Bloomberg BNA — Sea rise, storm surge and other climate change impacts could put billions of dollars worth of coastal properties and tourism activities in South Florida at risk, local officials said April 22 at a field hearing in Miami Beach organized by Sen. Bill Nelson (D-Fla.).
Nelson called Florida “ground zero” for sea level rise. The state has already seen between 5 and 8 inches of sea level rise, he said.
Another 3 to 9 inches of sea level rise by 2050 could destroy the majority of the coastal structures protecting Southeast Florida from flooding and saltwater intrusion, according to research from Florida Atlantic University.
“It's real and yet some of our colleagues in the Senate deny it,” Nelson said. But “we can't afford” to wait any longer to start preparing for climate change, he said.
Nelson said he would bring the issue of sea level rise to the attention of the Senate's climate caucus, formed in January. Another member of the caucus, Sen. Sheldon Whitehouse (D-R.I.), plans to meet with elected officials and scientists in Miami on April 25 as part of his “climate road trip”.
Planning for Impacts
Miami is ranked highest in the world among cities with the most assets threatened by sea level rise and coastal flooding, according to research from the Organization for Economic Cooperation and Development.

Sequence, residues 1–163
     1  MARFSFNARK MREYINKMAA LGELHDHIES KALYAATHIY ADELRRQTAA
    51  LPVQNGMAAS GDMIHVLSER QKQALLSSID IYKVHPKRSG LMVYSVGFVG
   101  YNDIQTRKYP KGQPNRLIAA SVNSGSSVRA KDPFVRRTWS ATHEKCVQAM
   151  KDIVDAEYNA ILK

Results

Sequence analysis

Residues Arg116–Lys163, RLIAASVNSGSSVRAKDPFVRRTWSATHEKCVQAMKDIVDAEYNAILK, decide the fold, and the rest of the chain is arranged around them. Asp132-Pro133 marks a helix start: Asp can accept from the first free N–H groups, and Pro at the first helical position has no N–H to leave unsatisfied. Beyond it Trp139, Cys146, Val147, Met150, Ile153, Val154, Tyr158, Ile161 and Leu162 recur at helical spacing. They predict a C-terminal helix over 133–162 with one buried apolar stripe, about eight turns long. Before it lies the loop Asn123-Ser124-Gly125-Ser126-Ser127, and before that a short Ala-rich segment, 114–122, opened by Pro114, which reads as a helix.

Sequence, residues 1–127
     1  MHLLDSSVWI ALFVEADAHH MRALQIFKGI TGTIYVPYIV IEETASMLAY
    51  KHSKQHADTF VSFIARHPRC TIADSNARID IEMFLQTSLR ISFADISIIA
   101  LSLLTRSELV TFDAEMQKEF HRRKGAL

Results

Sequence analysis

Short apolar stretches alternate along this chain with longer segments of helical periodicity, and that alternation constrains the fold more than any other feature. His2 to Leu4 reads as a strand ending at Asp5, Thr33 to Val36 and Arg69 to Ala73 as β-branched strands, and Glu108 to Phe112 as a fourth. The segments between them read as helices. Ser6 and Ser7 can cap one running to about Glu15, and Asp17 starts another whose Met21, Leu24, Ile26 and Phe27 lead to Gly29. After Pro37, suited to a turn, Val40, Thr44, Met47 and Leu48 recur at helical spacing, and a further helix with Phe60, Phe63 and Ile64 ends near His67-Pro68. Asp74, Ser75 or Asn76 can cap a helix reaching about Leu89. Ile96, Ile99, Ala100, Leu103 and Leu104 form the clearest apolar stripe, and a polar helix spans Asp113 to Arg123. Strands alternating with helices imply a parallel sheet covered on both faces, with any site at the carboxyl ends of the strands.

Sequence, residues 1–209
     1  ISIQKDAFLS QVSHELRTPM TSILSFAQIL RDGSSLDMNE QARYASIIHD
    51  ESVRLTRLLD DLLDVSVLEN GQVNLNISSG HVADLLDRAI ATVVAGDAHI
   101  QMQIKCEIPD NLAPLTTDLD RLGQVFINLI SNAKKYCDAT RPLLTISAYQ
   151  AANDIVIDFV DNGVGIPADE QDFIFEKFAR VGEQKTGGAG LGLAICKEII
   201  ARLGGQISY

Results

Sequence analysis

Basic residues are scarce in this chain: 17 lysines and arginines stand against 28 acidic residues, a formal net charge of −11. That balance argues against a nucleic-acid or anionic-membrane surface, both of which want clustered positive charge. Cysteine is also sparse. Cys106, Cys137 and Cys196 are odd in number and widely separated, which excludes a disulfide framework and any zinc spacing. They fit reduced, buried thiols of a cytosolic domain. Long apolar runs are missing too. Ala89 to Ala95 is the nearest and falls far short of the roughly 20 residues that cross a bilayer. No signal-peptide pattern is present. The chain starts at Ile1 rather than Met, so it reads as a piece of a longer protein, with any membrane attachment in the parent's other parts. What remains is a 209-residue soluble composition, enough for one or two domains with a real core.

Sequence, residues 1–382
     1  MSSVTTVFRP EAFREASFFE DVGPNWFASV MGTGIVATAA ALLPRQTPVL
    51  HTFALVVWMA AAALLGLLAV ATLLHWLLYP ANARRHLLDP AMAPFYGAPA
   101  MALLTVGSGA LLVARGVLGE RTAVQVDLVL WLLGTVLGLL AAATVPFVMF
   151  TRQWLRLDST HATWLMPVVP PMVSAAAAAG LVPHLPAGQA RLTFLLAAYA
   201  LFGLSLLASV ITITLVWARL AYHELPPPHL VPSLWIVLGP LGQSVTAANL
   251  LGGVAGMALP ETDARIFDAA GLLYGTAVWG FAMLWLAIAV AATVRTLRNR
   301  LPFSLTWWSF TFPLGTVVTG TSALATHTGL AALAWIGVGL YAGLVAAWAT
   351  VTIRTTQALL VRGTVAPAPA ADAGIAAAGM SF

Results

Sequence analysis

Miami Beach real estate is worth more than $23 billion and its tourism industry reached record levels in 2013.
“Florida and the U.S. cannot afford to lose our city,” Philip Levine, mayor of Miami Beach, said at the hearing.
He said sea level rise is “the most pressing challenge for us” because it leads to more frequent flooding of streets. Storm surge is another challenge that results in flooding and damages to property and infrastructure, Levine said.
To help reduce these potentially costly impacts, Levine said he is developing a comprehensive plan for managing floods and adapting to sea level rise.
The plan includes steps to improve the city's drainage system that could cost up to $400 million to implement, Levine said. The Miami Beach commission is expected to vote on a piece of the plan April 23.
Counties Working Together
Broward County Commissioner Kristin Jacobs said many cities in Florida are facing similar issues related to flooding and the loss of freshwater, but they are addressing climate change in different ways.
“The scale of this problem means we will have to work together” because flooding and hurricanes don't respect county boundaries, she said. Broward was one of four counties that agreed in 2010 to take a regional approach to climate resilience.
At the federal level, Jacobs said she would also like to see grants for roads and other infrastructure tied more closely to climate change resilience. Jacobs is advising the federal government on climate preparedness as a member of a White House task force.
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